In summary, according to the present invention, there is provided a positioning, navigation and collision avoidance system for various modes of transportation utilizing one or more SPS receivers to gather positional data in conjunction with the use of geo-referenced digital Orthophotographs in order to present a realistic display of the area surrounding the trajectory of the mode of transportation viewed in bright daylight regardless of time of day or weather conditions. Also provided is the capability to broadcast the mode of transportation's LLATs or XYZTs and identification data to other systems capable of receiving this information, as well as the capability to receive LLATs or XYZTs and identification data from other nearby modes of transportation and/or obstacles so that the operators display is supplemented with information with respect to other moving objects and objects that are not normally included in the digital Orthophotographs and their associated elevation maps. The invention also incorporates the use of an array of geo-referenced terrain elevation and/or bathymetric soundings from which the Orthophotographs were derived, the use of various other operator provided geo-referenced digital data layers, and a system controller to process the above data sets into a meaningful display that dynamically shows the operator's position in relation to the surrounding terrain or water, and in relation to other nearby modes of transportation. Additional computer processing of the array of geo-referenced elevations and/or soundings provides verbal and visual information to the operator regarding nearby obstacles to avoid, and in extreme cases, optional semi-automatic avoidance maneuvers by the mode of transportation when operator input is lacking. With the use of other SPS receiver locations, custom made high resolution Orthophotographs and arrays of terrain elevations and/or soundings including, and if needed, digitized man-made structures can be utilized for greater resolution, precision and display quality. In addition, the array of terrain elevations and/or soundings can be used to compute stereo and perspective Orthophotographs for display to add greater realism to the display. The use of a general purpose system controller or computer provides the means to store the SPS positions, times, velocities, etc., of the mode of transportation on a random access device which can be subsequently combined with the appropriate Orthophotographs and data layers to recreate the mission for analysis. Computer generated X-Y-Z positions and times may be substituted for the SPS receivers and the system may be used in a static mode in conjunction with a mode of transportation simulator such as a flight simulator, or in military warfare, mission planning or training exercises, or in video games to add greater realism to the simulation. The described system may also be used as a mobile decision making tool with the use of additional user-supplied geo-referenced digital data layers with which the geo-referenced Orthophotographs and arrays of terrain elevations and/or bathymetric soundings are used in conjunction with GIS software to generate statistics, new digital data layers and/or thematic maps of the surrounding environment, from which timely and meaningful decisions can be made.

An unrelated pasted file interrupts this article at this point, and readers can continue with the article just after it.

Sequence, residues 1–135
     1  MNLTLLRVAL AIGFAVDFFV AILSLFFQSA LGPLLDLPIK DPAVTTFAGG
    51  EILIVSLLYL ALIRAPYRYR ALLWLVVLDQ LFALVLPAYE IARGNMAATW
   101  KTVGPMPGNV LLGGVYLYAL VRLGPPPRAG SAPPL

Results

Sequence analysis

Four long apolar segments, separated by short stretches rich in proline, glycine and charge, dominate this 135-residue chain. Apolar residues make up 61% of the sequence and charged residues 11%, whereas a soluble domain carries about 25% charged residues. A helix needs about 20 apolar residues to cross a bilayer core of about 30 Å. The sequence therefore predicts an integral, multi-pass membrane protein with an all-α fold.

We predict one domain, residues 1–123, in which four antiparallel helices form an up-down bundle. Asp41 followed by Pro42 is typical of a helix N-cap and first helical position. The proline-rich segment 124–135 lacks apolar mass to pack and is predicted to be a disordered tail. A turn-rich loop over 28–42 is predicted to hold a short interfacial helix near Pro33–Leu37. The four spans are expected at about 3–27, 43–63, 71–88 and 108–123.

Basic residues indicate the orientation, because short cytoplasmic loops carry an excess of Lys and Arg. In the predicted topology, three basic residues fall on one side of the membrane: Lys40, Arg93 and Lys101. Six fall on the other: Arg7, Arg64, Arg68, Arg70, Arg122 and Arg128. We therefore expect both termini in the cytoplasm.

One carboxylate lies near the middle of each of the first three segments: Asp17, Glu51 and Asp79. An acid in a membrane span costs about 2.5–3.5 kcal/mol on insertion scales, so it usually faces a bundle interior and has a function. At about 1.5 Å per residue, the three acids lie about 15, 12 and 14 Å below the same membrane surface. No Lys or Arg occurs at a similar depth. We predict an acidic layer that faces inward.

The foregoing description of the preferred and alternative embodiments of the invention have been presented for purposes of illustration and description. For example, an SPS was cited as the method of obtaining the spatial and temporal coordinates of the mode of transportation, but any PS (Positioning System) or combination of PSs could be used in its place. The description is not intended to be exhaustive or to limit the invention to the precise forms disclosed. Many modifications and variations are possible in light of the above description. It is intended that the scope of the invention be limited not by this detailed description, but rather by the claims appended hereto.

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Classifications
U.S. Classification701/409, 701/301, 348/116
International ClassificationG09B29/00, G01C23/00, G09B9/30, G08G5/04
Cooperative ClassificationG08G5/0021, G09B9/301, G01C23/00, G08G5/0086, G09B29/007, G08G5/0052
European ClassificationG09B9/30B, G01C23/00, G09B29/00C4B, G08G5/00F6, G08G5/00B2, G08G5/00E1